The former world number one, Swiss tennis star Martina Hingis, has announced that she will return to the professional circuit in 2006.
The 25-year-old Swiss retired in 2002 due to a persistent foot injury. She left the game having won five Grand Slam singles titles among her 76 WTA tour victories.
"I was never happy my injuries cut my career short and ultimately forced my decision to step away from tennis," the former Swiss star said in a statement on Tuesday issued by her agents Octagon.
"I have enjoyed my time away from the court, a period that has allowed me to experience a different side of life.
"However, I miss the game and the challenge of competing at the highest level of tennis, and I want to gauge whether I can stay healthy and compete against today's top players."
Hingis was the youngest player in history to reach the top of the world rankings, having achieved the feat at the age of 16 years and six months.
She was also the youngest winner of a grand slam last century and the holder of the Australian, Wimbledon and United States Open crowns.
Timing and will
She compensated for her lack of height with superb court craft, excellent timing and an indomitable will.
The advent of the powerful Williams sisters, Venus and Serena, punctured Hingis's dominance and her decline began. She won the last of her five Grand Slam singles titles at the 1999 Australian Open.
In 2001 she sued Italian sportswear company Sergio Tacchini, saying their shoes had damaged her feet.
She withdrew from the sport following ankle operations in 2001 and 2002.
In 2003, she told swissinfo how difficult it was for her to leave the game: "It wasn't my decision to stop playing, it was my body's!" she said.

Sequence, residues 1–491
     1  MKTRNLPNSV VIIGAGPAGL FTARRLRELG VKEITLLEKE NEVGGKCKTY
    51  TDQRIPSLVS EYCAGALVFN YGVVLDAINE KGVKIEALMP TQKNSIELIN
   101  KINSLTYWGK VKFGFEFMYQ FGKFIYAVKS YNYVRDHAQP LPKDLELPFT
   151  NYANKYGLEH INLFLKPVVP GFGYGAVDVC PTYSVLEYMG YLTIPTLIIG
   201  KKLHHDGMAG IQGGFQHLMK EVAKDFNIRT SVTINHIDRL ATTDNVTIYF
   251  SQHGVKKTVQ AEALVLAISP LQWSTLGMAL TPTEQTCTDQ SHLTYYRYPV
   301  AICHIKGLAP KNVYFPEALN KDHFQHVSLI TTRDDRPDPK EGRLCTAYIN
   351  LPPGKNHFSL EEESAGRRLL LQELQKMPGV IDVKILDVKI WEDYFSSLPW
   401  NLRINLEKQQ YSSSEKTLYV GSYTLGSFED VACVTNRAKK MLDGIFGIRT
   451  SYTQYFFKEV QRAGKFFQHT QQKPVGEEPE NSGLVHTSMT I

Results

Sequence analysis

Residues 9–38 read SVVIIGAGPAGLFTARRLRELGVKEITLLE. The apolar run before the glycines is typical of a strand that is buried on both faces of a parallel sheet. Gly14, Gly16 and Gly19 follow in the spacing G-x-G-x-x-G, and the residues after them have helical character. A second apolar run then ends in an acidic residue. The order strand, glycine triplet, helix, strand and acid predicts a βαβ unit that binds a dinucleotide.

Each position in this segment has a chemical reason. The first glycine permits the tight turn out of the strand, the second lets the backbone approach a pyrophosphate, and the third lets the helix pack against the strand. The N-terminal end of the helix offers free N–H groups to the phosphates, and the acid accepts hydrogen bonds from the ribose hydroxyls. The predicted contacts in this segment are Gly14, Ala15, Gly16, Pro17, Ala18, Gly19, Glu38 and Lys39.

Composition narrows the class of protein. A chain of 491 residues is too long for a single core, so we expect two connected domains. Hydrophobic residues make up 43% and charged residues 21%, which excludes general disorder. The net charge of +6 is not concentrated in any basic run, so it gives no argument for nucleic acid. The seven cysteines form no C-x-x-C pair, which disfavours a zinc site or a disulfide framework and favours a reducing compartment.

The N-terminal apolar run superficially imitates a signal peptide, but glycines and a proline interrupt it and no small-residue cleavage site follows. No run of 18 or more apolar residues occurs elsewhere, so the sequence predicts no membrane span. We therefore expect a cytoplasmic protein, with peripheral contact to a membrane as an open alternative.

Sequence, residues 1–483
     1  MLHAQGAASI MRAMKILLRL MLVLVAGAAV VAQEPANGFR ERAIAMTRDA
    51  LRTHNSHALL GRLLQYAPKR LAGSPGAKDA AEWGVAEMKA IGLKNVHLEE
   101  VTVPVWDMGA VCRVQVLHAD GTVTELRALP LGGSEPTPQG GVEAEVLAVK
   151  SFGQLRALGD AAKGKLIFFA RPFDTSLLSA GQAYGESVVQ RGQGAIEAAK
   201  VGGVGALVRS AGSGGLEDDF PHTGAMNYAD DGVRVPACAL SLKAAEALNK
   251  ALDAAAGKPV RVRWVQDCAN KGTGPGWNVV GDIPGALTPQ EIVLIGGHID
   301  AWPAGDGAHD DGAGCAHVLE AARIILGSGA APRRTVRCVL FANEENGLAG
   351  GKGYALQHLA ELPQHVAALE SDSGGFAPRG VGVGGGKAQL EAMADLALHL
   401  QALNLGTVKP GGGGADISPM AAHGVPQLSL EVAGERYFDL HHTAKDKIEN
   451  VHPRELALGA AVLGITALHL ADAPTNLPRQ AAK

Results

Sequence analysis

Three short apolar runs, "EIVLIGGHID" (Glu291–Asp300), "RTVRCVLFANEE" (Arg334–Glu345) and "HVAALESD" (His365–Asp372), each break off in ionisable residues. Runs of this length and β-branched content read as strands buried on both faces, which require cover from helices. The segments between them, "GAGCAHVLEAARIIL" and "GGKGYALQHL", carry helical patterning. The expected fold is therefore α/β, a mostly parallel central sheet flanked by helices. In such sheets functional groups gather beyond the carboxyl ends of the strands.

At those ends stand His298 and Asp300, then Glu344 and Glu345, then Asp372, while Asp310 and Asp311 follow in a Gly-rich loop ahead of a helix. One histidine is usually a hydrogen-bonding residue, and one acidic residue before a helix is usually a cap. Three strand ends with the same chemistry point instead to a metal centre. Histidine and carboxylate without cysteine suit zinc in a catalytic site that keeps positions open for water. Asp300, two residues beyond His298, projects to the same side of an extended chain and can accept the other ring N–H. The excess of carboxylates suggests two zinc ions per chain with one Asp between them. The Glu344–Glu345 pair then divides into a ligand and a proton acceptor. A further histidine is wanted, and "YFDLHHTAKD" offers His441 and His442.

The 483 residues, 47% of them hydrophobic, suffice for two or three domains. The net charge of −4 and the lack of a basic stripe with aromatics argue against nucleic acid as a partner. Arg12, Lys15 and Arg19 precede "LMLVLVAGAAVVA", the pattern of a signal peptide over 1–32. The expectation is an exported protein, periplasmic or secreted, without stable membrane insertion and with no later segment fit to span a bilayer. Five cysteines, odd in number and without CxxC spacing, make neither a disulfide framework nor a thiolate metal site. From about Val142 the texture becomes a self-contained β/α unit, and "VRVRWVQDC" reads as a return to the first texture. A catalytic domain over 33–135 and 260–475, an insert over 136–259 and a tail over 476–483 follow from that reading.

"These last few years have been very difficult with all the operations I had to have. I had to stop or I would not have been able to walk again, let alone play sport. But if I hadn't been injured, I would definitely still be playing."
She made a one-off comeback on the WTA Tour last February, losing 1-6, 6-2, 6-2 to Germany's Marlene Weingartner in the first round of the Thai Open.
Hingis ranks third in the world when it comes to career prize money, behind Steffi Graf and Martina Navratilova.
"Martina [Hingis] has meant so much to the game of tennis, both on the court with her results, and off the court through her continuous charity involvement," said Phil de Picciotto, Octagon's president of athletes and personalities.
"She had just turned 22 when injuries forced her to stop. Now, at the age of 25, with several surgeries behind her, Martina is looking forward to the challenge of playing a competitive schedule of events," he said.
swissinfo with agencies
Martina Hingis won 40 singles and 36 doubles titles in her career.
Her singles victories included five Grand Slams (Australian Open 1997, 1998, 1999, US Open 1997, and Wimbledon 1997 and two Masters 1998 and 2000).
She was the youngest player to win a Grand Slam title (16 years, 3 months and 26 days) and the youngest to become the world number one (16 years, 6 months and 1 day).